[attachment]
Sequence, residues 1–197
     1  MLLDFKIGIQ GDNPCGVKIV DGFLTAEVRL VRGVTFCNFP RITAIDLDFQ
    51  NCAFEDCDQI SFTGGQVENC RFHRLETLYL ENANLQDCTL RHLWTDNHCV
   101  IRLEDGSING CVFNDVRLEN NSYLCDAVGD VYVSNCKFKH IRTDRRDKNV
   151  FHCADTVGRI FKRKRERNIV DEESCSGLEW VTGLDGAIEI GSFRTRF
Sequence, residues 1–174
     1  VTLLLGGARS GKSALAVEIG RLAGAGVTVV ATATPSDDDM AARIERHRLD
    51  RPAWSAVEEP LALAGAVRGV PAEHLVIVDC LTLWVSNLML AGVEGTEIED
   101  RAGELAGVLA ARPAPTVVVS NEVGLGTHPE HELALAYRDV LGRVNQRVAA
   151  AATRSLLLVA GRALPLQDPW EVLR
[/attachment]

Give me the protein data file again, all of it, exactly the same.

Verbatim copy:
Sequence, residues 1–197
     1  MLLDFKIGIQ GDNPCGVKIV DGFLTAEVRL VRGVTFCNFP RITAIDLDFQ
    51  NCAFEDCDQI SFTGGQVENC RFHRLETLYL ENANLQDCTL RHLWTDNHCV
   101  IRLEDGSING CVFNDVRLEN NSYLCDAVGD VYVSNCKFKH IRTDRRDKNV
   151  FHCADTVGRI FKRKRERNIV DEESCSGLEW VTGLDGAIEI GSFRTRF
Sequence, residues 1–174
     1  VTLLLGGARS GKSALAVEIG RLAGAGVTVV ATATPSDDDM AARIERHRLD
    51  RPAWSAVEEP LALAGAVRGV PAEHLVIVDC LTLWVSNLML AGVEGTEIED
   101  RAGELAGVLA ARPAPTVVVS NEVGLGTHPE HELALAYRDV LGRVNQRVAA
   151  AATRSLLLVA GRALPLQDPW EVLR